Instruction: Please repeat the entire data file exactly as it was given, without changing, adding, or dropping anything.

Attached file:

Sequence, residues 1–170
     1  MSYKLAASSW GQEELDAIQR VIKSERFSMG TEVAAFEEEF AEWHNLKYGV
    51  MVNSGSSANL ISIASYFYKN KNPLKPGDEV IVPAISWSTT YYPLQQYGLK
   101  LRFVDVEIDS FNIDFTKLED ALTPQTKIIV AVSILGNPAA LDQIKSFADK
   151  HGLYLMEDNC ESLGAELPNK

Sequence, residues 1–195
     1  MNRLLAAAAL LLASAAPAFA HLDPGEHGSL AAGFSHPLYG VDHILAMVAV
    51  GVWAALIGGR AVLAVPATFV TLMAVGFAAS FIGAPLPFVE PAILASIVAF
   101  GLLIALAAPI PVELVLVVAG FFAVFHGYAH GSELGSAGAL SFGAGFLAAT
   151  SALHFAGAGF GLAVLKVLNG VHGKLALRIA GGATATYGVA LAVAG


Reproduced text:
Sequence, residues 1–170
     1  MSYKLAASSW GQEELDAIQR VIKSERFSMG TEVAAFEEEF AEWHNLKYGV
    51  MVNSGSSANL ISIASYFYKN KNPLKPGDEV IVPAISWSTT YYPLQQYGLK
   101  LRFVDVEIDS FNIDFTKLED ALTPQTKIIV AVSILGNPAA LDQIKSFADK
   151  HGLYLMEDNC ESLGAELPNK

Sequence, residues 1–195
     1  MNRLLAAAAL LLASAAPAFA HLDPGEHGSL AAGFSHPLYG VDHILAMVAV
    51  GVWAALIGGR AVLAVPATFV TLMAVGFAAS FIGAPLPFVE PAILASIVAF
   101  GLLIALAAPI PVELVLVVAG FFAVFHGYAH GSELGSAGAL SFGAGFLAAT
   151  SALHFAGAGF GLAVLKVLNG VHGKLALRIA GGATATYGVA LAVAG